How Long Do You Pay Alimony in Missouri?
By Beverly Bird
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Like many states, Missouri courts prefer to call alimony “spousal maintenance.” By any name, there are few definitive rules regarding when a judge orders it and how long the payments last. Missouri courts have a great deal of discretion when it comes to spousal maintenance or support. It usually comes down to the opinion of a single judge, based on the particular circumstances of your case.
Terms of Decree
Your divorce decree may or may not specify how long you have to pay maintenance to your ex. Generally, Missouri judges decide property division first, because this can affect both the paying spouse’s ability to provide support and the receiving spouse’s need for it. For example, an asset awarded to your spouse, such as a rental property, might produce income. Therefore, she would need less financial assistance from you. The court also looks to the earning capacity of the spouse seeking maintenance, so the duration of your marriage factors in. A spouse who has not worked in 10 years or more because she stayed home to take care of the family is more likely to receive maintenance than a younger spouse with career options. However, even younger spouses might receive support if they must remain a home to care for very young or disabled children.
Types of Alimony
Generally, Missouri courts do not order “permanent” alimony. Your divorce decree probably includes a termination date or is silent regarding a specific date when your obligation ends. Judges order termination dates based on how much time they feel a receiving spouse might reasonably need to acquire sufficient job skills or education to support herself. If your decree includes a termination date, you can usually expect to pay alimony until that time. If it does not, you’ll pay until either your circumstances or your spouse’s circumstances experience a significant change.
Some factors can terminate your support obligation sooner than expected. For example, if your ex remarries, you would not have to continue supporting her unless your decree specifically provides for this. However, this is rare. If she dies, she no longer requires your support. If you die, your estate may or may not have to continue paying your ex. In some cases, such as when the receiving spouse is disabled or older and cannot possibly support herself, judges will order a provision that she must continue receiving financial support from your estate or a life insurance policy after your death. Most decrees that include termination dates also include language requiring your ex to actively seek employment while she’s receiving support. If she makes no effort to find work so she can support herself, you have the right to petition the court and bring this to a judge’s attention. He might terminate your obligation to pay her alimony.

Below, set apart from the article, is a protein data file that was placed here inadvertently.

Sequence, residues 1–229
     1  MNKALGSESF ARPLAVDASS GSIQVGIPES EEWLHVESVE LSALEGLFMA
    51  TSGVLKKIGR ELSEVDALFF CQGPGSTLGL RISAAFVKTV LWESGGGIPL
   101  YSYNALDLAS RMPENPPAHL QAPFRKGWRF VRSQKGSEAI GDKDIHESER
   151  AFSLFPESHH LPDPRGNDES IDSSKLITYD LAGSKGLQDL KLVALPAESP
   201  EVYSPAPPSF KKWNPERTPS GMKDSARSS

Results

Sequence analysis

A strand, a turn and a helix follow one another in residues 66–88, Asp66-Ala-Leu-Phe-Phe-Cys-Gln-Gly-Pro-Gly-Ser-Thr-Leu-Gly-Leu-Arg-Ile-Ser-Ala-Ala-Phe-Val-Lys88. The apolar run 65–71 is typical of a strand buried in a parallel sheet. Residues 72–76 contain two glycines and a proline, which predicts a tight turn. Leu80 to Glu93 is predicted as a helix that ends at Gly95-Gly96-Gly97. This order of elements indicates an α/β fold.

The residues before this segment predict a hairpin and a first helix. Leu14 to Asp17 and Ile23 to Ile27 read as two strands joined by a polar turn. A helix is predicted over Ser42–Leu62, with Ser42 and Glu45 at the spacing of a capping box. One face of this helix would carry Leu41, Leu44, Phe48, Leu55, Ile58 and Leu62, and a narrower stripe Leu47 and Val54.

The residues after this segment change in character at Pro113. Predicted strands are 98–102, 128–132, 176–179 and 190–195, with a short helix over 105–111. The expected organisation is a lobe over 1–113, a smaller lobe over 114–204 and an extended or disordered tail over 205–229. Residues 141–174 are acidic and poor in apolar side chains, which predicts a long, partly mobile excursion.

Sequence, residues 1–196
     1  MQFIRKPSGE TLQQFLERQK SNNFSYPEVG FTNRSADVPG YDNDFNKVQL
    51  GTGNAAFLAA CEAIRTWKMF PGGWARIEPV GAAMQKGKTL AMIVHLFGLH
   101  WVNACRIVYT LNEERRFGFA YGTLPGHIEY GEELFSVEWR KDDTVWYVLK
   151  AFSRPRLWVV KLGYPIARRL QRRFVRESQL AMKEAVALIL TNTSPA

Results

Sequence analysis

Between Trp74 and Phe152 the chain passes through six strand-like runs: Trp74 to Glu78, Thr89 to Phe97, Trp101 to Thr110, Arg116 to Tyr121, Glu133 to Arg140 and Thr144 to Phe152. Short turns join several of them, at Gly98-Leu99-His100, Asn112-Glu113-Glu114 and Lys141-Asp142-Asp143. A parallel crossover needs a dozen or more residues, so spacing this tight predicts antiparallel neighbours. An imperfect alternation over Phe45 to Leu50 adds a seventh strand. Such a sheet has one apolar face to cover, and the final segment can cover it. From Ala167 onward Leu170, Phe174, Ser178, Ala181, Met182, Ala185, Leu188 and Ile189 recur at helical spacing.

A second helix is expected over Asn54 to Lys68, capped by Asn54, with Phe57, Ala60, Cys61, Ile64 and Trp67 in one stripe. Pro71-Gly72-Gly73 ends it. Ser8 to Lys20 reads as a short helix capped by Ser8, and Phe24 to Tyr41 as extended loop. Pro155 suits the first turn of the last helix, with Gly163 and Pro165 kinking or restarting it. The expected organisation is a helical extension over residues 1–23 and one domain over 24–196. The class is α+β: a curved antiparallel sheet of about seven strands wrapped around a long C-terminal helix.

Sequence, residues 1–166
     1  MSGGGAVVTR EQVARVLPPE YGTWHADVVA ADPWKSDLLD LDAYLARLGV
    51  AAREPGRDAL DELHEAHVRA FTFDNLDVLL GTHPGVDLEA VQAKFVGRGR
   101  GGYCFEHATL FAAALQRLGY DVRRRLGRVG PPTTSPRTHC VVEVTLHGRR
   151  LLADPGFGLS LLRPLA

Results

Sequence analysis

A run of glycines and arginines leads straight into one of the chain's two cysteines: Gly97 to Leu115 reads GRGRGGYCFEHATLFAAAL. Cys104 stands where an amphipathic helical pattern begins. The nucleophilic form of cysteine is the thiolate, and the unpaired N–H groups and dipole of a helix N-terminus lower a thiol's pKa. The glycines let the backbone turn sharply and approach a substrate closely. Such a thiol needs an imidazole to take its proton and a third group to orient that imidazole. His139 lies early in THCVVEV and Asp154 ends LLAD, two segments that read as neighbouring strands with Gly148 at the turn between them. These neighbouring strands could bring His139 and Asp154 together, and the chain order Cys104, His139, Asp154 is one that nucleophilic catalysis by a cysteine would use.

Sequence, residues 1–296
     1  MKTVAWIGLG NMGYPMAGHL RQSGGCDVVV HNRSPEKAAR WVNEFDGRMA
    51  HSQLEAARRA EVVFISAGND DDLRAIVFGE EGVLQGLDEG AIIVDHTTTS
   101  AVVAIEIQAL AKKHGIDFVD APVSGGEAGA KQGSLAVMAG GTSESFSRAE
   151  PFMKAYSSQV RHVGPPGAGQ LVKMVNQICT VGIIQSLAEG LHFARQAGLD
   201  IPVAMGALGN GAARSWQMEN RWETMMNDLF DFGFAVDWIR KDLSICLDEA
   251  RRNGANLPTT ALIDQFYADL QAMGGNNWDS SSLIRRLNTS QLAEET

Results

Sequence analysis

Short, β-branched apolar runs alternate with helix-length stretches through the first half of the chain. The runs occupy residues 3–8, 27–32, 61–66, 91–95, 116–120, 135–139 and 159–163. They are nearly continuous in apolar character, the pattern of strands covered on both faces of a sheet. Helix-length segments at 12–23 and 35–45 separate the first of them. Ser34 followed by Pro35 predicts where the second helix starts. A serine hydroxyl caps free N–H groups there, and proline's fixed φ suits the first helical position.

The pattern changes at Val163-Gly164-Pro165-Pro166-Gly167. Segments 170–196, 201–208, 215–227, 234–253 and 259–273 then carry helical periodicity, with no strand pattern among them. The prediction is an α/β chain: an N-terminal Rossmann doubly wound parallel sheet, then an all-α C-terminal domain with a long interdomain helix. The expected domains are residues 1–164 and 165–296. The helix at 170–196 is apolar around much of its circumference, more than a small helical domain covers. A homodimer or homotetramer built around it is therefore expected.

Unless your decree specifically states that your support obligation is not modifiable, you usually have the right to petition the court if circumstances change. Generally, all orders without a termination date are modifiable. If something occurs that makes your alimony obligation “unreasonable,” you can file a motion with the court asking a judge to either end it or change it. However, it’s up to you to supply the court with proof of the changed circumstances, and the change must usually be permanent in nature. For example, if you lose your job, you’ll most likely pursue new employment. However, if you become disabled and can’t work, this is an ongoing problem. If your ex wins the lottery, she wouldn't need your support anymore. In situations such as these, the court will probably reduce or eliminate your support payments.
Beverly Bird has been writing professionally since 1983. She is the author of several novels including the bestselling "Comes the Rain" and "With Every Breath." Bird also has extensive experience as a paralegal, primarily in the areas of divorce and family law, bankruptcy and estate law. She covers many legal topics in her articles.